We’re lucky – or unlucky, depending on whom you ask – to have distinct seasons where we live. I never would have thought that it would make such a difference in our homeschooling life.
We homeschool year-round. We don’t do 3 weeks on, 1 week off or any kind of strict schedule, we just school when we feel like it. In reality that means we literally never stop learning. School on the weekends? Sure! Although the Engineer did ask if he could have a break from handwriting and math practice on the weekends. I said yes, of course. I don’t want him burning out and getting frustrated.
There for a while I worried that we weren’t schooling enough. So I started tracking what we worked on each day. After a few months I realized that I was stressing over nothing – because we were always doing school. Even on the days I “took a break” the Engineer did something that I considered school all on his own.
That said, the summer season is distinctly different than the official school year. We do more nature stuff, we spend more time outdoors, and we focus a lot more on field trips and visits to different educational places. Summer is relaxed and fun, with stealth learning.
Last summer we raised over 150 monarch caterpillars into butterflies and released them. We raised salamanders, ladybugs, and praying mantis. The kids helped me plant things. They spent time picking strawberries and apples, going to learning opportunities like colonial days, battleship tours, and visiting a carnivorous plant garden.
It’s all learning, and it’s all school. It’s just not book work. It’s child-led, hands-on, fun, experience-based learning. And it’s the kind of childhood I want my kids to have. They have time to play. They have time to indulge their curiosity. They can fill their sensory needs, social needs, and nature needs without feeling pressured.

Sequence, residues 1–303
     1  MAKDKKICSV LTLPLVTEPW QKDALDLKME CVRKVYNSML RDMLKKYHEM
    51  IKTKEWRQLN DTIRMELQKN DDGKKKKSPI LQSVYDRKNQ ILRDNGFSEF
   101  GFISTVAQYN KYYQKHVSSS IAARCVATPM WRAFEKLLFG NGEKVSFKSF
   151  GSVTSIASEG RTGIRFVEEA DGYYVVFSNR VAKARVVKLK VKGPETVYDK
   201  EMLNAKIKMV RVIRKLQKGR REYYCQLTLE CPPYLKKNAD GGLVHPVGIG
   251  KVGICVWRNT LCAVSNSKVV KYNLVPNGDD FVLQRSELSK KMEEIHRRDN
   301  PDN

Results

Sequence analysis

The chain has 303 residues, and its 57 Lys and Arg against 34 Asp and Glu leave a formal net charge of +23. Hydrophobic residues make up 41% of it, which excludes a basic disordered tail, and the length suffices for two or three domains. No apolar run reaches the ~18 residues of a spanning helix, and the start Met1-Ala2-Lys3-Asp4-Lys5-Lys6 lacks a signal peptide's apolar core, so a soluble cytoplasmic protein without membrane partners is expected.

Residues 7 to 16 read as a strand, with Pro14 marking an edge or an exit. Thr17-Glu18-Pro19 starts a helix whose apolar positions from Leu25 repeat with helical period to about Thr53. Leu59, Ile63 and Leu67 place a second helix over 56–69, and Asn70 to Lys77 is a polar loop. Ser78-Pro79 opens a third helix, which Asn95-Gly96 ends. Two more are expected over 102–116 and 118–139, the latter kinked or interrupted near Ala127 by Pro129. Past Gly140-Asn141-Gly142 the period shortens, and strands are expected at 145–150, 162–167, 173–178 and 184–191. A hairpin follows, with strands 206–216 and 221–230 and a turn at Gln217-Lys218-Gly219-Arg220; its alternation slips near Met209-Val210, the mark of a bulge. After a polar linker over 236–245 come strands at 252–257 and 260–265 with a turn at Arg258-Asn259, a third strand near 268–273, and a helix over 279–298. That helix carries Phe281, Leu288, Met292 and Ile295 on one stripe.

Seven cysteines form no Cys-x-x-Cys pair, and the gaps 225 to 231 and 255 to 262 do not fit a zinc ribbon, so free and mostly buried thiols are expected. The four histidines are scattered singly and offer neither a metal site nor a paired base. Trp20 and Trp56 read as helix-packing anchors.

Don’t force “educational”
I hate it when people are so serious about learning that every single thing is “educational.” It kills their love for learning. I find myself strangling the words before they pop out of my mouth so that the kids can have the fun of experimenting and discovering all on their own. I may subtly set them up or demonstrate it, but I try my best not to take over. That’s our instinct as parents and teachers – to take over and “do it right” so that the kids will learn.
Yes, every single thing (practically) is educational. So we don’t have to make it educational – we just need to release the kids to go discover it on their own. Even laser tag is educational, as I discovered last week. It teaches tactics and strategy, good sportsmanship, and math. Yes, math. You think I was harping about how to be more strategic or which number is bigger? Nope. I was running my butt around trying to shoot those dratted teenagers who ganged up on us. (On a side note, the Destroyer makes a great lure.)
In this overscheduled, super stressed world of ours, it’s time to take a step back. To give summer back to the kids. To celebrate the lazy days and enjoy the break in routine – even if you school year-round like us. Welcome to summer!